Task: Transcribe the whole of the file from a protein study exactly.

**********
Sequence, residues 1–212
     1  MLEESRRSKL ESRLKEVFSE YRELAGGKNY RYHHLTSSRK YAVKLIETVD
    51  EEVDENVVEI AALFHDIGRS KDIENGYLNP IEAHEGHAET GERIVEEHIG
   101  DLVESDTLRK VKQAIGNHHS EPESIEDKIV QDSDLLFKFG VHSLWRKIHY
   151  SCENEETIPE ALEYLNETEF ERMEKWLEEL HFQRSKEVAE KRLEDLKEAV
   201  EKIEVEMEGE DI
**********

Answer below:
Sequence, residues 1–212
     1  MLEESRRSKL ESRLKEVFSE YRELAGGKNY RYHHLTSSRK YAVKLIETVD
    51  EEVDENVVEI AALFHDIGRS KDIENGYLNP IEAHEGHAET GERIVEEHIG
   101  DLVESDTLRK VKQAIGNHHS EPESIEDKIV QDSDLLFKFG VHSLWRKIHY
   151  SCENEETIPE ALEYLNETEF ERMEKWLEEL HFQRSKEVAE KRLEDLKEAV
   201  EKIEVEMEGE DI